Our Letter to Senator Hagan about the ERA

Dear Senator Hagan:

We are writing on behalf of Equal Rights Amendment North Carolina Citizens Task Force (ERANC-CTF), a grassroots organization dedicated to ensuring that the ERA becomes part of the U.S. Constitution.

In particular, our members urge you to introduce in the Senate a resolution similar to HJR 47 by Rep. Tammy Baldwin, which will eliminate the deadline for ratification and make the ERA part of the Constitution when three more states ratify , thus completing the required  total of 38.

Our organization is working to win ratification in North Carolina in 2013. Some of us have worked for equal rights for women for decades: Roberta for more than 40 years in Louisiana and North Carolina, and Nancy, more recently, for the past four years as President of the Henderson County League of Women Voters.

Your consistent support of equal pay legislation is deeply appreciated. A major example of why women need bedrock constitutional protection is the persistence of gross pay inequities. Over the last several decades, women have averaged only around three-fourths of what men with the same education and the same jobs have earned. The Supreme Court’s recent ruling against women in the Wal-Mart case underscores that we have no constitutional protection.

Another example is the unequal treatment of women in the military. It is unfortunate that Senator Sam Ervin, who otherwise served our nation honorably, succeeded in blocking the amendment in our state. He had opposed it while in the Senate, proposing an amendment to exempt women from the draft (the amendment overwhelmingly failed). When it came before the General Assembly here, he used his influence to defeat it, calling it “the height of folly to command legislative bodies to ignore sex in making laws.”

Opponents of equal rights for women often relied on Ervin’s argument about the draft. What they ignored was that Congress has always had the power to draft women. In the National Defense Authorization Act for fiscal years 1992-93, Congress rescinded female combat exemption laws, after which the Clinton administration opened a quarter million previously closed combat positions to women.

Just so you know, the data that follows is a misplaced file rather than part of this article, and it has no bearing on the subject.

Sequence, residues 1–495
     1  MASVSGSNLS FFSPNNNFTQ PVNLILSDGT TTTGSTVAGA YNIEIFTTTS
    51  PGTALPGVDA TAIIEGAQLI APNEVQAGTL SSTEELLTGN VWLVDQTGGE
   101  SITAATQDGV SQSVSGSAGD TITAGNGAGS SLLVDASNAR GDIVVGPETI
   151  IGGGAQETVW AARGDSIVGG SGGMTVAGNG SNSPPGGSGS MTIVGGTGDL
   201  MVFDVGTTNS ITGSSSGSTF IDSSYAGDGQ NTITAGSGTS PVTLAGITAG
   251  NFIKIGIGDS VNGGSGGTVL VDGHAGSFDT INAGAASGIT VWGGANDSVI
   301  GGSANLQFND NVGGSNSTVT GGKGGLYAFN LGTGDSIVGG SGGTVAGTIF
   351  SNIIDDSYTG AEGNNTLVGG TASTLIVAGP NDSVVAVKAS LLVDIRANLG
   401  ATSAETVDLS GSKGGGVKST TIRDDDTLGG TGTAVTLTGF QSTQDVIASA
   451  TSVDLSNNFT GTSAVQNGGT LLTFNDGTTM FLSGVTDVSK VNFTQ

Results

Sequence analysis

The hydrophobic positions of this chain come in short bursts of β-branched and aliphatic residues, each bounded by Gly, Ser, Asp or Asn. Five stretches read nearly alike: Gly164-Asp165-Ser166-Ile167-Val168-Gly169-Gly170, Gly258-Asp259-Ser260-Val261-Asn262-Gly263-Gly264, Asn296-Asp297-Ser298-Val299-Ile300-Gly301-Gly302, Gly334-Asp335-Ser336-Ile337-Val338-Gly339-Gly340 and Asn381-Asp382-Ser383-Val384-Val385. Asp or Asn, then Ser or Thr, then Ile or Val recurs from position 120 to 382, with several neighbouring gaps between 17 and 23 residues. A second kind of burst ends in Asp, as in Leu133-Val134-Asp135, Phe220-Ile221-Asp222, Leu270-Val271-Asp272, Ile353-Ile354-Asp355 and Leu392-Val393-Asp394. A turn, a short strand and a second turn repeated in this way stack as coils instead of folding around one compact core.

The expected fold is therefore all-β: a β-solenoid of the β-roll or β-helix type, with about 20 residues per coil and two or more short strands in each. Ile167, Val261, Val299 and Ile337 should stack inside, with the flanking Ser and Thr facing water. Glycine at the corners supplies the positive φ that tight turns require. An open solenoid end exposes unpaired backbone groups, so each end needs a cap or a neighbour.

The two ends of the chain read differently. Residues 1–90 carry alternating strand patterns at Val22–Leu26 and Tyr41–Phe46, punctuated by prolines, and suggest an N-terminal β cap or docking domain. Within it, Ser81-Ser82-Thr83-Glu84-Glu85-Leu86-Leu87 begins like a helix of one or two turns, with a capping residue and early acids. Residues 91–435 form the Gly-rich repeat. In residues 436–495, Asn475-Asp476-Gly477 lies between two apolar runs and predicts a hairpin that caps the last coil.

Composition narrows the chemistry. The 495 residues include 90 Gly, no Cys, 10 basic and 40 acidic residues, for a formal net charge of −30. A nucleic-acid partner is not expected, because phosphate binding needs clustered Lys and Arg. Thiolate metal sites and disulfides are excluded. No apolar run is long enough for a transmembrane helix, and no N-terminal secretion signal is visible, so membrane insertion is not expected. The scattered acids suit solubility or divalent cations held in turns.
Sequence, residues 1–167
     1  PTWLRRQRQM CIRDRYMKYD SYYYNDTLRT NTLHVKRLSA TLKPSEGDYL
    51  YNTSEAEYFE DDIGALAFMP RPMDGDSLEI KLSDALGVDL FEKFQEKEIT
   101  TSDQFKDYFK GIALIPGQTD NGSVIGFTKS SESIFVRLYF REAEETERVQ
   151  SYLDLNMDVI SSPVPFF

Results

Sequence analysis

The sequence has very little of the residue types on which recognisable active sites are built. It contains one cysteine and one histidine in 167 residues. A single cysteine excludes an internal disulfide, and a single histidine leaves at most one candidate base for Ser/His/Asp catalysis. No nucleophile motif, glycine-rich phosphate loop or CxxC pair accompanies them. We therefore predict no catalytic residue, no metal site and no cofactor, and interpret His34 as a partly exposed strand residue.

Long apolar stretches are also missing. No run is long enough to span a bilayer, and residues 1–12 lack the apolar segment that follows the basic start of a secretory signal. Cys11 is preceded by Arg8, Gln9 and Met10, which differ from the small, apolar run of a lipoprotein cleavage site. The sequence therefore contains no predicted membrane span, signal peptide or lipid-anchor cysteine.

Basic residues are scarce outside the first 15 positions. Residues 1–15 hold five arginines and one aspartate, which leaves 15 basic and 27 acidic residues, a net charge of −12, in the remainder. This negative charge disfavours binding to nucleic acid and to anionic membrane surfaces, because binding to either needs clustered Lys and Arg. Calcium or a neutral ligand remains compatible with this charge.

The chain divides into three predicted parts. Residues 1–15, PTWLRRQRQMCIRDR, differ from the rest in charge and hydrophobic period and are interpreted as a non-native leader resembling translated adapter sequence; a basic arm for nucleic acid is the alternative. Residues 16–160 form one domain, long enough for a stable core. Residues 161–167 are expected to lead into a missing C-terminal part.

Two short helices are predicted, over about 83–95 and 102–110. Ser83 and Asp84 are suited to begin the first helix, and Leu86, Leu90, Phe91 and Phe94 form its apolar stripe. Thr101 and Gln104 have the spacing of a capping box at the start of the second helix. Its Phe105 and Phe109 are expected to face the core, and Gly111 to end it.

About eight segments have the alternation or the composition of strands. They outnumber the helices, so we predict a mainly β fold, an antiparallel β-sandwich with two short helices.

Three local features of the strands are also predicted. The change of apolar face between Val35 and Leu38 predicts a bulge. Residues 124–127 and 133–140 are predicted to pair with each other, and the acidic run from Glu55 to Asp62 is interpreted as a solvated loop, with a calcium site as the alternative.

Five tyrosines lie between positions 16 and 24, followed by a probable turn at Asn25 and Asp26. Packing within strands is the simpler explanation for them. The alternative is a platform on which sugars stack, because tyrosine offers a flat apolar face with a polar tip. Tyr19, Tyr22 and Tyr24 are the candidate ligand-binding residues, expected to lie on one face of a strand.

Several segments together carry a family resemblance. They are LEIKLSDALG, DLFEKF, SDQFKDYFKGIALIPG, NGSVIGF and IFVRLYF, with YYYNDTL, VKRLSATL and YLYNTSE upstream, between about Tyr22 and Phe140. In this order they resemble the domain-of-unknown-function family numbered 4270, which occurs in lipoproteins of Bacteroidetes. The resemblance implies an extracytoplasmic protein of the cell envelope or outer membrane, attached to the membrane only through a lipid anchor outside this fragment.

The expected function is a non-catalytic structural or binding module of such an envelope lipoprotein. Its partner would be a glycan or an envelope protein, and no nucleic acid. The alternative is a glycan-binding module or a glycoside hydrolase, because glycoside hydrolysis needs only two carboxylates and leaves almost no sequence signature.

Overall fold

The Department of Defense and the U.S. Coast Guard provide these figures: as of September 30, 2010, a total of 213,823 women were in active duty (14.5 percent of the total), while 72,182 served in the Reserve and National Guard (15.2 percent). More than 40,000 women served in the war in Iraq, and the Marine Corps awarded 23 women the Combat Action Ribbon for service in the Persian Gulf War because they were engaged by Iraqi troops. And North Carolina has 69,617 women veterans, according to the Department of Veterans Affairs.

How sadly ironic that these women bravely serve our nation, but they do not enjoy equal rights. In February of this year, a landmark lawsuit was filed against the Defense Secretary and his predecessor, alleging that the military created a culture where violence against women was tolerated. According to the Department of Defense’s own statistics, one in three women reported having been sexually violated while serving in the military. Female soldiers are much more likely to be raped by a fellow soldier than to be killed in combat. Yet the military has been slow to respond. Only 8 percent of 2,212 sexual assaults were referred to courts martial, as compared to 40 percent of civilians arrested on such charges who are prosecuted.

We believe that the Equal Rights Amendment would require that the military should not be immune from laws regarding rape, sexual discrimination, and sexual harassment.

Women’s Equality Day is coming up on August 26, and we think it would be wonderful if you would announce on that day that you have introduced the resolution to eliminate the ERA deadline. We will bring women from across the state for the announcement.

The Equal Rights Amendment was first introduced in 1923. Eighty-eight years later, it is past time to guarantee equal rights to women–more than half our citizens. We hope that the long term effect of an Equal Rights Amendment would be to bring about social change to demonstrate a strengthening of partnerships between men and women, a heightened respect, a gradual lessening of the ancient programming that deems women as inferior and all that philosophy has manifested over hundreds of years.  The ERA is a movement in the right direction…it is the right thing to do…and its time has more than arrived.

We look forward to your response.

Yours truly,

Roberta M. Madden
Nancy Glowacki

Equal Rights Amendment North Carolina Citizens Task Force

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